European Union leaders will again try to draw Russia's neighbors closer at their Eastern Partnership summit starting Thursday in what has become a rite of geopolitical gamesmanship on the future of the continent.
The last summit with six eastern nations turned into a dramatic standoff over Ukraine, with then-leader Viktor Yanukovych suddenly withdrawing from signing an association with the EU and instead turning toward Moscow and President Vladimir Putin.
Since that meeting in Vilnius, Lithuania, the pro-EU government elected after Yanukovych's ouster has learned the costs of turning away from Moscow: Russia annexed Ukraine's Crimean Peninsula, large swathes of eastern territory bordering Russia are embroiled in conflict and the nation is in deep economic decline.
On the eve of this year's summit, Russia again drew the line how far neighbors could go.
“We don't see our neighbors' aspirations to strengthen ties with the European Union as a tragedy, but to make those processes develop positively they mustn't hurt the interests of the Russian Federation,” Foreign Minister Sergei Lavrov told the upper house of the Russian parliament.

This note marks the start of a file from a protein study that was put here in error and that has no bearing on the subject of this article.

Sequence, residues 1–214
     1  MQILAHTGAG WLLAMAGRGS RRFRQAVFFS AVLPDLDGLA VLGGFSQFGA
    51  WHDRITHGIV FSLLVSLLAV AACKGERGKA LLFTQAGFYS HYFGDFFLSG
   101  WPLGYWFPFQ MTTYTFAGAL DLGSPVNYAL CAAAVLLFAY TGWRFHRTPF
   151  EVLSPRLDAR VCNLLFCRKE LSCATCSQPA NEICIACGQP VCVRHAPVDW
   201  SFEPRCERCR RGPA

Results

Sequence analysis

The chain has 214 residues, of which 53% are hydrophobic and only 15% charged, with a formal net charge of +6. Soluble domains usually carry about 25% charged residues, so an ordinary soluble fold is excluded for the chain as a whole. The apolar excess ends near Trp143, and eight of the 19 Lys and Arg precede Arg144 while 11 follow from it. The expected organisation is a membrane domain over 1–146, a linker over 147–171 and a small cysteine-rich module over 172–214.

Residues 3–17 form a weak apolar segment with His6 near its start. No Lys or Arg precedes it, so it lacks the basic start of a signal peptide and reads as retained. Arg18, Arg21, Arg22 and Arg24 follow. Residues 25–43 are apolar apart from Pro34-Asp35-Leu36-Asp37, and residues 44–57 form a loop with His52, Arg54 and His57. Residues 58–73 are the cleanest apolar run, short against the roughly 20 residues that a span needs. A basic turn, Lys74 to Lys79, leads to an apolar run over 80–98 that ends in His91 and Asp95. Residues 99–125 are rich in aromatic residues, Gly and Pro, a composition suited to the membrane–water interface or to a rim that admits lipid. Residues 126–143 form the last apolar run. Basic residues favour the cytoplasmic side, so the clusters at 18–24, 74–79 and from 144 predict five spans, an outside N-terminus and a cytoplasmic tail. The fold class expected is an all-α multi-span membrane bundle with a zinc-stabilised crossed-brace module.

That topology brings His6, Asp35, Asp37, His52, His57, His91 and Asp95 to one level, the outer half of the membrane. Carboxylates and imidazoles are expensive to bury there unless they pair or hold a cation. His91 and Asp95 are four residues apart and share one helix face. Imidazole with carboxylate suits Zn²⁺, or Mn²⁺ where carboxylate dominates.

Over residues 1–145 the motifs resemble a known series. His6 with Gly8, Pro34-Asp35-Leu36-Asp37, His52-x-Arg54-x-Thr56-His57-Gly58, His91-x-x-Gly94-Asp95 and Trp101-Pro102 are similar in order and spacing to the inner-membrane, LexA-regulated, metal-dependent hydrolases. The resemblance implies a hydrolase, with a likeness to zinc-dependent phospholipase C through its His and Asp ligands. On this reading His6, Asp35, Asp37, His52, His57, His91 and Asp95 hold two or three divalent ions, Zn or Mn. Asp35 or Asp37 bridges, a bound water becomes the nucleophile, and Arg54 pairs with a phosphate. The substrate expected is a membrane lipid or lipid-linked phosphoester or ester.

For dinner Thursday, almost all of the EU leaders, including German Chancellor Angela Merkel and French President Francois Hollande will line up for sobering talks with their counterparts or top officials from Ukraine, Belarus, Georgia, Armenia, Azerbaijan and Moldova.
Putin will be nowhere in sight, but is still expected to dominate discussions.
Since the Iron Curtain came down, many former communist nations have been pulled out of Moscow's orbit, including summit host Latvia and Baltic neighbors Estonia and Lithuania _ former Soviet republics that are now EU and NATO members. Under the leadership of Putin, opposition has stiffened and turned into sometimes open political conflict.
Carl Bildt, then Sweden's foreign minister, was a key player at the Vilnius summit, seeing the hand of Moscow behind Ukraine's sudden about-face to dismiss the EU. He said the Riga summit will reaffirm ties between the EU and the post-communist states rather than yield any headline-grabbing new agreements.
“With everything from massive disinformation to tanks and soldiers thrown against the Eastern Partnership since 2013, just staying the course is a powerful sign of success,” Bildt wrote Wednesday on the Project Syndicate website for international opinion pieces.
Instead of a joint approach to the six nations, the EU must go forward with piecemeal action, since Armenia and Belarus have decided to join Moscow's Eurasian Economic Union.
Meanwhile, Belarus and its authoritarian leader Alexander Lukashenko have been kept at arm's length because of political and human rights complaints that earned the nation the moniker of the last dictatorship in Europe. Icy relations have somewhat warmed recently and Belarus is expected to send its highest delegation yet, though it won't include Lukashenko himself.